needs, one that will have enough educated workers with the knowledge of core subjects required to staff those jobs and one that will have enough democracy and fairness embedded in it to secure the stability of the economy. All sectors of the Israeli economy must flourish for Israel to flourish.
Israel, a democratic nation, is important not just for Jews but also for all those who believe in democracy. And Jewish values are at the heart of this nation – the values that B'nai B'rith supports and encourages. The values we all should stand for. B'nai B'rith has stood as the voice of the Jewish people worldwide and as a staunch supporter of the State of Israel. Your impact on the citizens and the State of Israel is profound. And it is because of this that I would like to thank Dan and the organization for this award tonight – I am proud to receive this recognition from an organization that so fundamentally supports and cherishes core values that so closely match mine.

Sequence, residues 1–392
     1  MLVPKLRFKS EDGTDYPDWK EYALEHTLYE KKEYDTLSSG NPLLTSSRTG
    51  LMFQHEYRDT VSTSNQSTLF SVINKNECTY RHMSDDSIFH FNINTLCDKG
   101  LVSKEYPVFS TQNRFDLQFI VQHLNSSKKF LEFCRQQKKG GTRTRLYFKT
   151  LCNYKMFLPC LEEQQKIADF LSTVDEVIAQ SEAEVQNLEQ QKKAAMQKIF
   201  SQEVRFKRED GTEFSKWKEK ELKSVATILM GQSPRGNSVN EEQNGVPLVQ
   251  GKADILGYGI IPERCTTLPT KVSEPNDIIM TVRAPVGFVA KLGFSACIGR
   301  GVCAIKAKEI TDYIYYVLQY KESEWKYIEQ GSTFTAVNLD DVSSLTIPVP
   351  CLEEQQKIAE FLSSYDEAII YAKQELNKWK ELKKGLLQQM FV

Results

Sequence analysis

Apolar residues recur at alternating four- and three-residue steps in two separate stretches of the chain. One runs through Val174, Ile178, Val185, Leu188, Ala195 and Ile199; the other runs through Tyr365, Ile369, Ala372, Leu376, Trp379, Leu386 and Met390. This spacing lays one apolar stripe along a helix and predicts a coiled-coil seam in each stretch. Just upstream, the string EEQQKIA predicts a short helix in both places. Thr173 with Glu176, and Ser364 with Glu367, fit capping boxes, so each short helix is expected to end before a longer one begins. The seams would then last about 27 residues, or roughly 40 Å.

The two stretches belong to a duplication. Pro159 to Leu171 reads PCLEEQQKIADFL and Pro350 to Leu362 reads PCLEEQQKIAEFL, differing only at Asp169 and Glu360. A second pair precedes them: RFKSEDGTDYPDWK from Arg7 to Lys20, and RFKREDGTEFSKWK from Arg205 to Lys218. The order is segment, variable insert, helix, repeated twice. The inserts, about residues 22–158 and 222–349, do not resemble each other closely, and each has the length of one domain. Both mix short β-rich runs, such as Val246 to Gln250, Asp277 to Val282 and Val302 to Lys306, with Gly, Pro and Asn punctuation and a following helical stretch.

La organización judía B’nai B’rith Internacional se manifestó “asombrada” de que el Comité Olímpico Internacional (COI) haya elegido a Thomas Bach como presidente y consideró que debería “renunciar de inmediato”, debido a que antes se desempañaba como titular de la Cámara de Comercio e Industria Germano-Arabe, una organización que realiza un sistemático boicot contra el comercio israelí.
Aunque haya dejado la Cámara de Comercio el 16 de septiembre, la asociación de Bach con “la discriminación anti israelí es inconsistente con los ideales olímpicos y se mezcla con una organización envuelta en escándalos y controversias”.
B´nai B´rith consideró que Bach no debería cumplir su mandato de 8 años, sino “renunciar de inmediato” para que alguien “adecuado al COI y a sus principios” ocupe el cargo...more